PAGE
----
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Breastfeeding Benefits & Barriers

Aggressive Breast Cancer Reduced with Breastfeeding

Boston University’s Sloan Epidemiology Center has found one reason that African American women have a higher risk of developing more aggressive breast cancers.  The study was published in Cancer Epidemiology, Biomarkers & Prevention.  The 14 year study found that giving birth to 2 or more children was associated with an increased risk of certain aggressive cancers, but only among women who had not breastfed. There was a 50 % increase of estrogen and progesterone receptor negative (ER-/PR) cancers in these women who did not breastfeed. The conclusion is that breastfeeding can reduce risk of developing the aggressive, difficult-to-treat breast cancers that disproportionally affect African American women.  The study was supported by the National Cancer Institute of the National Institutes of Health.

Barriers to Breastfeeding

Special attention should be given to barriers to breastfeeding for all women especially African American and other minority women.  Below are several barriers to breastfeeding that where identified in focus group findings.

  • Embarrassment
  • Lack of social support
  • Worried about not enough milk
  • Lack of support at work or school
  • Worried about having to eat well
  • Lack of information

Studies show that mothers who receive advice, information and encouragement from their physicians to breastfeed are more likely to breastfeed than those who do not receive such advice. The American Academy of Pediatrics Policy Statement outlines physicians’ roles in the promotion and protection of breastfeeding. View it on the web by accessing

Maternity Care Practices Survey done by the CDC conveys that a mother’s ability to successfully breastfeed her baby is strongly affected by the practices and policies of the hospital that she delivers her baby.  Previous CDC research shows that women who are subjected to the best possible in hospital breastfeeding practices are eight times as likely to continue breastfeeding for at least six weeks compared to women who have a less favorable in-hospital experience.  Postponing the initial breastfeeding experience beyond the first hour of life, giving supplementary feedings in addition to breastfeeding and feeding the baby on a specific schedule all appear to strongly interfere with the successful initiation of breastfeeding. DeGirolamo AM, Grummer-Strawn LM, Fein S. Maternity Care Practices:  Implications for Breastfeeding.  Birth. 2001, 28: 94-100.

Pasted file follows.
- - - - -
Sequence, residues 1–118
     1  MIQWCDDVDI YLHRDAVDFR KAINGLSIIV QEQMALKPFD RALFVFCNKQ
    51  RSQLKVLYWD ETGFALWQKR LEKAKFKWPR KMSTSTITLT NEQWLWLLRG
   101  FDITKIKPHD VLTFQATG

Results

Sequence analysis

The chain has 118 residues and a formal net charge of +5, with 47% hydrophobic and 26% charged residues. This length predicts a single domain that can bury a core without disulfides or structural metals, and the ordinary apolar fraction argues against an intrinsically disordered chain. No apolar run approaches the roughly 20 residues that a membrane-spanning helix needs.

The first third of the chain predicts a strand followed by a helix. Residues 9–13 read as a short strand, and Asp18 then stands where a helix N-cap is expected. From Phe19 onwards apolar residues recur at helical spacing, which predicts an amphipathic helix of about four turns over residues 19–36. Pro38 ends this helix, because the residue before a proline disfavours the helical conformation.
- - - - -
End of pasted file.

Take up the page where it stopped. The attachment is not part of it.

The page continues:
Studies show that returning to work after having a baby is a major barrier to mothers who want to breastfeed. Moms worry that their employer may not be supportive and provide break time that they would need to pump. They usually have questions about how to pump, how to store milk and how their co-workers will react when they need to take break time to pump.

There is now a well-researched program distributed by the Department of Health and Human Services and the Maternal Child Health Bureau to help these mothers make an informed decision.  The program is called “The Business Case for Breastfeeding”. Georgia was one of 10 states that received funding through the Georgia Breastfeeding Coalition to help implement this program. This funding was to train trainers to offer technical assistance to businesses wanting to start a lactation program.